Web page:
Welcome! It's been wisely stated that the way one answers the question, "Is there a God?" defines a life.
Here at Truthbomb Apologetics we strive to offer apologetics resources to encourage and challenge both believer and unbeliever.
Critical thinking is strongly encouraged, reason is a must, and all are welcomed!
"The idea of apologetics as a necessary part of one's faithful walk is new to most Christians. They understand the need to worship God, to live a set apart life, and even the command to evangelize given by Jesus in the Great Commission. However, learning apologetics isn't something preached from most pulpits today. Yet, in the first few centuries, apologetics and evangelism were inter-reliant. In fact, when you look at the writings of the early church fathers, you see how big a role apologetics played in their interaction with the outside world… Just as the Christians in the second century faces a culture hostile to the teachings of Christ, so Christians today find themselves in a post-Christian (and post-pagan) culture. Apologetics is therefore necessary to fulfill our faithfulness to The Great Commission. We see it in the examples of the Church Fathers. We would do well to follow them." 
This is Pt. 3 of our posts working through this work by Pastor Wayne Grudem. The purpose of the series is to explore the relationship between God, the Government and the Gospel.
Pt. 1 is here. Pt. 2 is here. C. Wrong view #3: All Government Is Evil and Demonic
According to this third view, all use of government power is deeply infected by evil,
demonic forces. The realm of government power is the realm of Satan and his forces, and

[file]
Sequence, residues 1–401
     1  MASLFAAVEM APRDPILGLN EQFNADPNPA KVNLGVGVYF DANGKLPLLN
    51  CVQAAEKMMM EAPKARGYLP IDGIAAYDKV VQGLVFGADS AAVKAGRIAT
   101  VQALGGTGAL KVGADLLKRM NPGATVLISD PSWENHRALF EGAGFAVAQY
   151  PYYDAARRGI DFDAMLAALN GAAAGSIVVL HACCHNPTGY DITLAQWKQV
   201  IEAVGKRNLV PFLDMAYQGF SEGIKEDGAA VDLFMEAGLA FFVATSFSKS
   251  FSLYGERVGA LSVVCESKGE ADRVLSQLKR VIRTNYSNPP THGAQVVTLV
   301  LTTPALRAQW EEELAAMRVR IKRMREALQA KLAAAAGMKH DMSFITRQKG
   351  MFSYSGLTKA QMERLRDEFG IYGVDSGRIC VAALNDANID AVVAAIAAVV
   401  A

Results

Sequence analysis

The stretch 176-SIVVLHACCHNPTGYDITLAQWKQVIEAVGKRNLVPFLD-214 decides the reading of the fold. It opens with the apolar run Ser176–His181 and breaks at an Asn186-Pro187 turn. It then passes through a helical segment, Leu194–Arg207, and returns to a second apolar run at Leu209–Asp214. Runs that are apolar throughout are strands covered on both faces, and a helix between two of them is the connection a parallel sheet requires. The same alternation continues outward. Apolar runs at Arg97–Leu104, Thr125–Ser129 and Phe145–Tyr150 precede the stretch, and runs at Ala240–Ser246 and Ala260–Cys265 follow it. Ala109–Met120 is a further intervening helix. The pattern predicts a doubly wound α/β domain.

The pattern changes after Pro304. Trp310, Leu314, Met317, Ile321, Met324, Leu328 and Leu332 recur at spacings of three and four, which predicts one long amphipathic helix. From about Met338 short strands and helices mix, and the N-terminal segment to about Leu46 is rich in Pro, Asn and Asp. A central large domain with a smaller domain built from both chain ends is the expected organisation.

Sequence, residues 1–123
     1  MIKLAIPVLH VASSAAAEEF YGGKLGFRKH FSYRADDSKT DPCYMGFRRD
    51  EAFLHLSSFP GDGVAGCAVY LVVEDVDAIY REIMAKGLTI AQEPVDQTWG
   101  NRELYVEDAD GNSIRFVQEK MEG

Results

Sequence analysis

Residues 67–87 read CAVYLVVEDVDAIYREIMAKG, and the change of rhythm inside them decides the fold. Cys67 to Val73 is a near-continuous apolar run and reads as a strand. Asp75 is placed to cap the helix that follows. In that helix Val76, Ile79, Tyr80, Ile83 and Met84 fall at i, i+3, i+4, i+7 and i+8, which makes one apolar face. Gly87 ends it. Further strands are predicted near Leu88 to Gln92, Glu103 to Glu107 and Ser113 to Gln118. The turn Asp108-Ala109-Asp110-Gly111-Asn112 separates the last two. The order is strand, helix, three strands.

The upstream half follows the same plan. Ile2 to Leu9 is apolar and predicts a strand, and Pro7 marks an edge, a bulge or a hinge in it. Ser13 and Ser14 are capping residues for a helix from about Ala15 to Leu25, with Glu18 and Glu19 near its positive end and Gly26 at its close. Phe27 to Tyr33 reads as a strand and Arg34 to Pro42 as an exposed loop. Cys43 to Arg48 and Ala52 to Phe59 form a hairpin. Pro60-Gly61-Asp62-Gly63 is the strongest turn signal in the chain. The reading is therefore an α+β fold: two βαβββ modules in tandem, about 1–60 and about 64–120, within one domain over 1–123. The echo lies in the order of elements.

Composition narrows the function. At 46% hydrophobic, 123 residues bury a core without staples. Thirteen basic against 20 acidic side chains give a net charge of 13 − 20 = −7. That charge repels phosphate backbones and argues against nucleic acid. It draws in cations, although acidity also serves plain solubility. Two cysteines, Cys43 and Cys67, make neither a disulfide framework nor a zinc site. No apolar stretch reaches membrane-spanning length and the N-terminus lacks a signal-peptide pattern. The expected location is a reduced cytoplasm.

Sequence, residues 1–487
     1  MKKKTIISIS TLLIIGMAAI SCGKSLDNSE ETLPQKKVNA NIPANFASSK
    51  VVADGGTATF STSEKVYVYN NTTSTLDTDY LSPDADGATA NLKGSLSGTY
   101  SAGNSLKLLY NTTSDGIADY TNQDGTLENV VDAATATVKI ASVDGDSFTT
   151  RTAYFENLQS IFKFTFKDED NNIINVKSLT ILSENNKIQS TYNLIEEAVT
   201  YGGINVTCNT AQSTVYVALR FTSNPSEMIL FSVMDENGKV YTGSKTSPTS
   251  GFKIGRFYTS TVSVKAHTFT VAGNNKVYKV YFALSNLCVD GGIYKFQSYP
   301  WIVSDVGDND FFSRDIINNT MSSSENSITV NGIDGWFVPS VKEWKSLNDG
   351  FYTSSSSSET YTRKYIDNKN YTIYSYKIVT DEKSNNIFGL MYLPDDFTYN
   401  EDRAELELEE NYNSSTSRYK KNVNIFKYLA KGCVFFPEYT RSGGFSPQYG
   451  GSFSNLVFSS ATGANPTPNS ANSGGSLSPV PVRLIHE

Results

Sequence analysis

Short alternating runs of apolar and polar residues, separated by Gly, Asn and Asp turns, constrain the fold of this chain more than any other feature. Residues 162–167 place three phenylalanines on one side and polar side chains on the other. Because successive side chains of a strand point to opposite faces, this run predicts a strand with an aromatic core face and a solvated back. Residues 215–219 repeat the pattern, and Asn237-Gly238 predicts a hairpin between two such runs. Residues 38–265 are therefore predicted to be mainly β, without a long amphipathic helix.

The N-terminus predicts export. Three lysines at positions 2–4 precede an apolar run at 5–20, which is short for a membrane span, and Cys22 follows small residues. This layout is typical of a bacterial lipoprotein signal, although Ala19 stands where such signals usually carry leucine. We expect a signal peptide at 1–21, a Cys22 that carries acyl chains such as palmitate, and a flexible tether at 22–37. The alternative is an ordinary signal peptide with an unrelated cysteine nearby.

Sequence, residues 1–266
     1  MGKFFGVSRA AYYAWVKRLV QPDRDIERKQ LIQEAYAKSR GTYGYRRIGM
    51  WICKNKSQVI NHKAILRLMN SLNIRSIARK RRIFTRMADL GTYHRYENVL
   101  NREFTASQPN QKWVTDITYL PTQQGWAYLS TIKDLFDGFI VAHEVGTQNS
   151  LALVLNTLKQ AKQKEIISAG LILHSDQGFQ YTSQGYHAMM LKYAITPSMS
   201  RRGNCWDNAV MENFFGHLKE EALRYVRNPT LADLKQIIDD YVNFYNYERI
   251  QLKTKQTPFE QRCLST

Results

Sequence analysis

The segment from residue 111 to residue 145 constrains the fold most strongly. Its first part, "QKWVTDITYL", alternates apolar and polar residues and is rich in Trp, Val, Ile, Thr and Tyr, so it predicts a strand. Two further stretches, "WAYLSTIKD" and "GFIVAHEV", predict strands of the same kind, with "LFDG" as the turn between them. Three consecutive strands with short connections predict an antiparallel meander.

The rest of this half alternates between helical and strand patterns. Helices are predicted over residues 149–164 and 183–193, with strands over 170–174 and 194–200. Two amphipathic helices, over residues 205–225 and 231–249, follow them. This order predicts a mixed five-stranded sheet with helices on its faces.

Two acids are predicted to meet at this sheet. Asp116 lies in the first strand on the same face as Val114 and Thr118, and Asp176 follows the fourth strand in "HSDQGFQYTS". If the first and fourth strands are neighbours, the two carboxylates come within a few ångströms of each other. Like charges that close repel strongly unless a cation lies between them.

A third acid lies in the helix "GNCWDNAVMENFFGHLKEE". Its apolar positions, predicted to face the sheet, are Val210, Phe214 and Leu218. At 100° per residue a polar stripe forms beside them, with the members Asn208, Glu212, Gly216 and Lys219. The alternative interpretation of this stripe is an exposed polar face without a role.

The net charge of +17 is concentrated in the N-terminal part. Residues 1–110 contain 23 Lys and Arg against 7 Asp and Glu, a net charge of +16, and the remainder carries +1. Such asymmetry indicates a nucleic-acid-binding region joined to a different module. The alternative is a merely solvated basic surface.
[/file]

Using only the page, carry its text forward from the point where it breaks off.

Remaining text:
therefore all governmental use of “power over” someone is worldly and not the way of life that
1. Support from Luke 4:6
This viewpoint has been strongly promoted by Minnesota pastor Greg Boyd in his influential
book The Myth of a Christian Nation (Grand Rapids: Zondervan, 2005). Boyd’s views in this
book have had a large impact in the United States, especially on younger evangelical voters.2
Boyd says that all civil government is “demonic” (p. 21). His primary evidence is Satan’s
statement to Jesus in Luke 4:
"And the devil took him up and showed him all the kingdoms of the world in a moment of
time, and said to him, “To you I will give all this authority and their glory, for it has been
delivered to me, and I give it to whom I will. If you, then, will worship me, it will all be
yours” (Luke 4:5–7).
Boyd emphasizes Satan’s claim that all the authority of all the kingdoms of the world “has been
delivered to me” and then says that Jesus “doesn’t dispute the Devil’s claim to own them.
Apparently, the authority of all the kingdoms of the world has been given to Satan.”
Boyd goes on to say, “Functionally, Satan is the acting CEO of all earthly governments”
(p. 22). This is indeed a thoroughgoing claim!
2. The mistake of depending on Luke 4:6
Greg Boyd is clearly wrong at this point. Jesus tells us how to evaluate Satan’s claims, for he
When he lies, he speaks out of his own character, for he is a liar and the father of lies (John
Jesus didn’t need to respond to every false word Satan said, for his purpose was to resist